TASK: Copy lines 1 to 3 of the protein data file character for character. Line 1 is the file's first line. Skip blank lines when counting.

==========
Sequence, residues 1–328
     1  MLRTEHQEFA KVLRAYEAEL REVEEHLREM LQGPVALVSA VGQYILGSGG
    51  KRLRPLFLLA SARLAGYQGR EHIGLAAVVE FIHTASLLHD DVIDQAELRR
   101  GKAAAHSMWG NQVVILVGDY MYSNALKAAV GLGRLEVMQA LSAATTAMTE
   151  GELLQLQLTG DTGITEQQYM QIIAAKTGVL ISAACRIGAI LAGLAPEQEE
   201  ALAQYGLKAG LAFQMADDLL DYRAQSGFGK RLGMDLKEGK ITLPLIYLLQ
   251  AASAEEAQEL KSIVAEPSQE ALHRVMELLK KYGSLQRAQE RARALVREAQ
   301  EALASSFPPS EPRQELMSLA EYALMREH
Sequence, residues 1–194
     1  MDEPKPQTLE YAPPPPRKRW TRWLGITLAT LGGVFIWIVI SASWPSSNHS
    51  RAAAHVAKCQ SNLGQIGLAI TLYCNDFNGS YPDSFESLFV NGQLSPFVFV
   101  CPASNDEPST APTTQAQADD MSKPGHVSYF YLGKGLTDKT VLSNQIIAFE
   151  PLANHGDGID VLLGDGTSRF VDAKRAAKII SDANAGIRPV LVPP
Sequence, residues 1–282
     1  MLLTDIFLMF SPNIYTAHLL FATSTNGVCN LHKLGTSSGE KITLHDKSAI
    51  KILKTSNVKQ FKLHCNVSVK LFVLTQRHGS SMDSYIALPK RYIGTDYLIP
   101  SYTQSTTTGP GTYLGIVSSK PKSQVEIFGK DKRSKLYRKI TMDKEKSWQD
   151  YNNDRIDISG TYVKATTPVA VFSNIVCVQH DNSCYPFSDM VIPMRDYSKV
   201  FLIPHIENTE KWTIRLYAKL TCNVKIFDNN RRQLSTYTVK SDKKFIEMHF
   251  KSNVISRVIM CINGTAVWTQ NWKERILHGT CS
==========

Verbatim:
Sequence, residues 1–328
     1  MLRTEHQEFA KVLRAYEAEL REVEEHLREM LQGPVALVSA VGQYILGSGG
    51  KRLRPLFLLA SARLAGYQGR EHIGLAAVVE FIHTASLLHD DVIDQAELRR